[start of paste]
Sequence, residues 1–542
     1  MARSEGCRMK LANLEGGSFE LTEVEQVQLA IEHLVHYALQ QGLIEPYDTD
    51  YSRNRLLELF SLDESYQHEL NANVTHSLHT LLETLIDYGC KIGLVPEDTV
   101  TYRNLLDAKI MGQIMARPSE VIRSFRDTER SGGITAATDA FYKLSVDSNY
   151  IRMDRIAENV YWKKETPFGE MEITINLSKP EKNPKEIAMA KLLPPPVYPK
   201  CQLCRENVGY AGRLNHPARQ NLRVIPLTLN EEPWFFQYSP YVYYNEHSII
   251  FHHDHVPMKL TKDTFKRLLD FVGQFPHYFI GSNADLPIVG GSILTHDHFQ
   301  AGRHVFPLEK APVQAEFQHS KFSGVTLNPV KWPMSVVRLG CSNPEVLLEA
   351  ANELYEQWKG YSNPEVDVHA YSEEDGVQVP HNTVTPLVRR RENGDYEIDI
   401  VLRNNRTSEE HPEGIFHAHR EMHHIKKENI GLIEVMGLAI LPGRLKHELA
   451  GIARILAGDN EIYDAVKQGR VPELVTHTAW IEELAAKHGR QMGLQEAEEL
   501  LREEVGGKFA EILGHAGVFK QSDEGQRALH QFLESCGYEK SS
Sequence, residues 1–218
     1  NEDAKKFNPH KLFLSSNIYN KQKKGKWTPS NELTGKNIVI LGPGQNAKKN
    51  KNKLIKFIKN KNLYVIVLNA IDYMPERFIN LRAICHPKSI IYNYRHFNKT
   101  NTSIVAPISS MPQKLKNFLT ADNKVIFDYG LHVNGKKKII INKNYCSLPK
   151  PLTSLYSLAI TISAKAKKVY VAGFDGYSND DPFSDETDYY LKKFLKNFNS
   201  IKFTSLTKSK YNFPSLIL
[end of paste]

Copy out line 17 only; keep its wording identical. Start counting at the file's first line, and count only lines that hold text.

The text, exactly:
   151  PLTSLYSLAI TISAKAKKVY VAGFDGYSND DPFSDETDYY LKKFLKNFNS